Why and When You Should Consider a Prenup After Marriage
Everyone likes to feel protected, and as the future is unknown it’s only natural to wonder if you missed the boat on a prenup after marriage. The good news is, it’s not too late! A prenuptial agreement after the marriage IS still possible and can hold guaranteed security — financial and otherwise — for many couples that are contemplating divorce or simply want to be protected from the unexpected. In this article, you will learn more about how a prenup after marriage works, and how Sinatra Legal’s South Florida family law firm can help you through this process.
What Is a Prenuptual Agreement?
A prenuptial agreement (or “prenup”) is a written contract created by two people before they are married, typically listing all of the property each person owns (as well as any debts) and specifying what each person’s property rights will be after the marriage.
Here are three reasons to consider a prenup after marriage and how to get one, according to an expert Chris A. Stachtiaris.
- Harmony: A post-nuptial agreement, although it seems unromantic, can actually help couples struggling with financial differences to keep their marriage intact, says Stachtiaris. A post-nuptial agreement can actually help couples stay together. According to Stachtiaris, if you constantly argue about your partner’s gambling debts, for instance, but your marriage is otherwise fine, you can stipulate that your debts are not their debts and vice versa. Sometimes, separating your finances can help eliminate one of your main arguments in order to live more harmoniously.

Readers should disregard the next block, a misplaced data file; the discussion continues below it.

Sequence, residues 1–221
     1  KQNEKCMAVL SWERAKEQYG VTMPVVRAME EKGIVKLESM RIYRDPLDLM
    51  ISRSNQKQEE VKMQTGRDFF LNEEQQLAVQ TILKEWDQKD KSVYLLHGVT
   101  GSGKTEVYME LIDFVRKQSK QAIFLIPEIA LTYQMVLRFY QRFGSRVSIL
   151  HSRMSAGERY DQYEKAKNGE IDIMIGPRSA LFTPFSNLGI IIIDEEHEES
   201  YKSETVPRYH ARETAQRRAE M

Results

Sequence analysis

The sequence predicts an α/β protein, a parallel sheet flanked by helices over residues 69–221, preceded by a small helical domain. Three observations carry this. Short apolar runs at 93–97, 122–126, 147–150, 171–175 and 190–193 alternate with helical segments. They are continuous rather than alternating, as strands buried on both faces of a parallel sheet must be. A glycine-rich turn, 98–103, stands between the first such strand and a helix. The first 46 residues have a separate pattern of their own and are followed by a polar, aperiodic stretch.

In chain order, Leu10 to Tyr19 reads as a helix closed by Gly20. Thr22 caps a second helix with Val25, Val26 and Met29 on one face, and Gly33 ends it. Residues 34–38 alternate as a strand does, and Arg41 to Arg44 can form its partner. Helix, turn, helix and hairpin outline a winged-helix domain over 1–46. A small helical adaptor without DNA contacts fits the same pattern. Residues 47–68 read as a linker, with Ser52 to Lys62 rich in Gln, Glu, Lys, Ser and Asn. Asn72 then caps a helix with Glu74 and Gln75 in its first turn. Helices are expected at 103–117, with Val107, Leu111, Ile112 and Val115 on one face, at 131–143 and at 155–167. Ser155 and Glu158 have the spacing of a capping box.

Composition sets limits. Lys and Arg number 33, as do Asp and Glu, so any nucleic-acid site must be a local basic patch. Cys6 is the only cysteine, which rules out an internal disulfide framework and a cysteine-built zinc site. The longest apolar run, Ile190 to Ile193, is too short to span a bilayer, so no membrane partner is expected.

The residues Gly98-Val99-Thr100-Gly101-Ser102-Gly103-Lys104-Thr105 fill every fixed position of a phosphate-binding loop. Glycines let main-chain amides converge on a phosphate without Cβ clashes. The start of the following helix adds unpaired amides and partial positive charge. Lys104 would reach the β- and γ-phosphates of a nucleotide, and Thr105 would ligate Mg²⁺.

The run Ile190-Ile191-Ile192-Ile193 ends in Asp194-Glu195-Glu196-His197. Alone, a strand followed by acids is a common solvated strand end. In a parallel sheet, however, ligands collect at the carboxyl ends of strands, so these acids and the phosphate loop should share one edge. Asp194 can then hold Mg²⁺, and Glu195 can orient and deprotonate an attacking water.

- A Way Out: If something were to ever happen to your marriage, the protection of a post-nuptial agreement can lift you out of desperation and keep you from staying in an unhappy marriage for the wrong reasons. You can use post-nuptial agreements to spell out the separation of your assets, what would happen to your assets and finances should you separate or divorce, and how the two of you would provide for your children after emancipation. (For example, would you both have to contribute to your child’s college education, even after they turn 18? If so, how much?)
- Peace of Mind: While the prenup or postnup can be controversial (maybe the person with fewer assets will feel threatened or attacked) if you both agree, a post-nuptial agreement can help you spell out (and cushion) your financial future. Knowing whether you get divorced or your spouse dies, for example, you will be financially stable.
On the other hand, if your marriage is strong, weigh the consequences of such an agreement. Some people would take such a request the wrong way. Consider your spouse’s feelings, talk it out, and be fair should you decide to go through with the post-nuptial agreement. When done correctly, post-nuptial agreements benefit both people.
Sinatra Legal is a full-service South Florida family law firm that delivers powerful results in excellence, working hard so you achieve the outcomes you are seeking. Schedule a consultation today and let’s get your questions answered: (561) 430-4121. You can also find us on Facebook.